Another factor is that it's far from an exclusively Gaelic games programme.

"We cover everything. The only thing we cannot cover is swimming," said Michelle O'Connor of Kildress, a mother of two who is also losing her job.

"Athletics, dance, gymnastics… We are fundamental coaches so we cover the entire curriculum. Even though we are GAA, we cover everything.

"With the gymnastics, we teach them the basic skills of every sport. They could go on to play basketball or whatever, it was never sports-specific."

While this leaves a void in the holistic education of children, it would be foolish to expect that teachers - poorly motivated through low pay and swamped by homework as it is - would pick up the slack.

"Some schools, they might not have many classes and it is about getting it timetabled in, and that time out of class," O'Connor explained. "There might not be parents who are minded towards exercise. There can always be another maths class added in, and then the only exercise that children can get is the short lunch break. But it is not enough."

Jimmy Darragh described how things have been over the last few weeks, where the Ulster Council have been going through the redundancy process as a matter of course, all the while hoping and canvassing for a change in circumstances.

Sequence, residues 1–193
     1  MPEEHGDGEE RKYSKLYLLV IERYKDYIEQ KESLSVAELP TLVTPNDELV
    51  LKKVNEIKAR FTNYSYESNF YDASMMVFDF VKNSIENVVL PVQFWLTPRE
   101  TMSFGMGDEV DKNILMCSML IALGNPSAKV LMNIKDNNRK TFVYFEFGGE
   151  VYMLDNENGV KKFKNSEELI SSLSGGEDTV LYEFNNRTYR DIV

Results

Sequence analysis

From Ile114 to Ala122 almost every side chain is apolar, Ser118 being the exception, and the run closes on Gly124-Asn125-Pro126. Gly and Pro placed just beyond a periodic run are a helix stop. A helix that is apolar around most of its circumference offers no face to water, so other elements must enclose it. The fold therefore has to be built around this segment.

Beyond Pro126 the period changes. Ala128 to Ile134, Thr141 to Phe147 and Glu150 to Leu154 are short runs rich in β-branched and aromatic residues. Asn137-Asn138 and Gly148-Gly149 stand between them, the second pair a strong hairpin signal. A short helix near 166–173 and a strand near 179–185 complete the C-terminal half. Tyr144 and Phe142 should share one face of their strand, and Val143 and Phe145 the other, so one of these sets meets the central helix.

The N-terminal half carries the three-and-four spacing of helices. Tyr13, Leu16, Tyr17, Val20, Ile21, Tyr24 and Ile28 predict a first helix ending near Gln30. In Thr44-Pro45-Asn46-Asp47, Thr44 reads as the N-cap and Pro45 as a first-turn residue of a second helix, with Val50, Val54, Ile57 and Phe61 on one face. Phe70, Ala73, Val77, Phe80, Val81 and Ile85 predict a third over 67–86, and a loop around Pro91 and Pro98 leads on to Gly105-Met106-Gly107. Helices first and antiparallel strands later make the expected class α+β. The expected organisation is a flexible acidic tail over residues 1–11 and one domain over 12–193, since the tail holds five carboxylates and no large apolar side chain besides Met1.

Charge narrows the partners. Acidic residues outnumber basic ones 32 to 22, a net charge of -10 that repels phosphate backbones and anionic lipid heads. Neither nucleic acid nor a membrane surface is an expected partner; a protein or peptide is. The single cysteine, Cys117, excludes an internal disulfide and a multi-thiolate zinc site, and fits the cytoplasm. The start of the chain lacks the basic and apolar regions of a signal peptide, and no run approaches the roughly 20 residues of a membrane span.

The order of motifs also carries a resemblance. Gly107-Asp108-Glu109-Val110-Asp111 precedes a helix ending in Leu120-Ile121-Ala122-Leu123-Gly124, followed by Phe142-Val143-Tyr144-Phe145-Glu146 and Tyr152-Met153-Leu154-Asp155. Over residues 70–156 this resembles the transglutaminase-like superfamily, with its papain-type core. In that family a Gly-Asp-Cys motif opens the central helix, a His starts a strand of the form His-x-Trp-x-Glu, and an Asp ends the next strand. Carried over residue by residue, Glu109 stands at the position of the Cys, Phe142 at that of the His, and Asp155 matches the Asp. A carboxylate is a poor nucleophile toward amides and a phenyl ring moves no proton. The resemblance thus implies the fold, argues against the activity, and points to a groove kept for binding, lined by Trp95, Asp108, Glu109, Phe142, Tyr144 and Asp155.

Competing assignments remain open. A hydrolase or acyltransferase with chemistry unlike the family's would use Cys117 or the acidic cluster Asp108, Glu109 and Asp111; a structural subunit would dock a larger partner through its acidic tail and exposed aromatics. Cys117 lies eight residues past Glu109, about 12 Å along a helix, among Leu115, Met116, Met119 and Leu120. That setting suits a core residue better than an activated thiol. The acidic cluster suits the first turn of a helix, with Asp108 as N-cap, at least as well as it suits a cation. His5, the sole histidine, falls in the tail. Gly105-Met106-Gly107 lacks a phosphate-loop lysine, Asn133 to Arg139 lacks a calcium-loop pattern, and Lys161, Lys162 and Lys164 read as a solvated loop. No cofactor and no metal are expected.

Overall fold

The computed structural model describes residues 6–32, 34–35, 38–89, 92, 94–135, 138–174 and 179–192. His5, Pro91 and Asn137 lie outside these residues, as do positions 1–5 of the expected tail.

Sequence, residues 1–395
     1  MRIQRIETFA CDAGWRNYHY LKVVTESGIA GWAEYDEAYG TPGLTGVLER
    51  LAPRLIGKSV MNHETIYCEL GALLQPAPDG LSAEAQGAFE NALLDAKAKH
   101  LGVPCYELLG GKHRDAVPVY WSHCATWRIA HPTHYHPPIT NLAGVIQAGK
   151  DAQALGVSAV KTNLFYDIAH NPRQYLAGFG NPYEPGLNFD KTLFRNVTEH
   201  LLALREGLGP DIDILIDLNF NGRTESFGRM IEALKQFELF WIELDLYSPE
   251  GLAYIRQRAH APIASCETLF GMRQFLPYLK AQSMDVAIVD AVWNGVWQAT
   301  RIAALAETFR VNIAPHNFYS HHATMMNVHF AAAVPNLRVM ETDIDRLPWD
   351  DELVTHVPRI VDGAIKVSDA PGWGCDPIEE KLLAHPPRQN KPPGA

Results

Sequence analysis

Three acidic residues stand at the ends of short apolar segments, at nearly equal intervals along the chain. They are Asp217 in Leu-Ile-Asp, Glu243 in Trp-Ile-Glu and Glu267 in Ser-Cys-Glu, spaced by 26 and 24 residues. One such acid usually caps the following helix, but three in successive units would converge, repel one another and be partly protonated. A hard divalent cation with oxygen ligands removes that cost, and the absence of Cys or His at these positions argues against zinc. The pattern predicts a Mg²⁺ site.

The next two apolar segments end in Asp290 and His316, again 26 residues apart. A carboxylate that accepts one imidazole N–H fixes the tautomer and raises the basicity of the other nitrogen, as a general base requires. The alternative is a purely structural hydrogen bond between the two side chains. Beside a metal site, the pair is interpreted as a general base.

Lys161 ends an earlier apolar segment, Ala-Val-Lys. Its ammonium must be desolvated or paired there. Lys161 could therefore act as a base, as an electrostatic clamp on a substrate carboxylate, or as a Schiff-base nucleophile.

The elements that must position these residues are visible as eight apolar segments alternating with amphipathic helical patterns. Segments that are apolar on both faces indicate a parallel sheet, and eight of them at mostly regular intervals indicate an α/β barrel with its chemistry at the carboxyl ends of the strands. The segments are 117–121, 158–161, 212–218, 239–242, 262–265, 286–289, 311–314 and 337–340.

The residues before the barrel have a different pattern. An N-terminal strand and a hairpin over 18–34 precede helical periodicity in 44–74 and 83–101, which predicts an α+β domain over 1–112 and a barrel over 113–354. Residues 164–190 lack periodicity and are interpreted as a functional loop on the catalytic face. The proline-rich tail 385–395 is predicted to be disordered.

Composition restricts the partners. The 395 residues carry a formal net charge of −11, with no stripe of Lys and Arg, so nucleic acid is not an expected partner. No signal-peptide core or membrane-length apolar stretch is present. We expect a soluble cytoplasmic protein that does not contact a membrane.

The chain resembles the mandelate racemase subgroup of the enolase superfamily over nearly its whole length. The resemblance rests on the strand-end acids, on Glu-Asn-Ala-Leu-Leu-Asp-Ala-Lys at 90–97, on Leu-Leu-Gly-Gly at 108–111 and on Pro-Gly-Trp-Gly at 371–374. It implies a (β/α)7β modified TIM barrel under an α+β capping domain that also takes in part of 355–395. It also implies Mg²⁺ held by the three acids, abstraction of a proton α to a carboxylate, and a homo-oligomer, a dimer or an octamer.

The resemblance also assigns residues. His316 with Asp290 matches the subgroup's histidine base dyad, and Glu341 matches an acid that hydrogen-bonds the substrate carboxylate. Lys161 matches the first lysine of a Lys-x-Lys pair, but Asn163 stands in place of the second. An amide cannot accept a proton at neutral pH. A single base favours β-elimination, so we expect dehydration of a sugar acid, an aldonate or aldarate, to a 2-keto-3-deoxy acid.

"Honest to God it is tearing the whole place apart, the fact that this is happening. And particularly at this time of the year as well, makes it even worse," said Darragh.

"The bottom line is that we created a programme and achieved what we set out to achieve and more.

"But, without a Government in place and without a minister making that decision, they can't make the decision to put money our way.

They see other priorities within budget and unfortunately, they won't fund it any further."

The nature of the funding was always dicey, but it didn't stop some from being attracted to the job for wholesome reasons.

Kevin Curran of Tullysaran, just outside Armagh City had worked in recruitment for decades, but his passion was coaching children and so, at the age of 46 and with a wife and two children at home, applied and got a job with the Ulster Council last December.

"To be honest, I just took one of those 'I am sick of doing this' moments. Given that I am heavily involved in my local club, youth officer and all that, and chairman of the Board of Governors in the local school in Tullysaran, I just thought I would love to give this a go," said Curran.

"It is a change of scenery for me, but it was an unbelievable year working with the kids.

"You take the recruitment side of things, it is quite sedentary, but it is a sales job and your boss is asking you, 'how much money are you making for the company?'

"Whereas this job is all about working with young kids. Getting them to appreciate their bodies and the building blocks of agility, balance, co-ordination."

He added: "I see young kids who can't stand up straight in P1 and by week five or six they are flying through hula hoops, able to balance, it is hard to put that into words, that sense of achievement.

"You are getting the kids to express themselves and it is an unbelievably fulfilling role."

Doing a good job, offering essential services is no longer enough to guarantee your job.

Once again, our politicians have failed us.

698 days since they last sat in Stormont.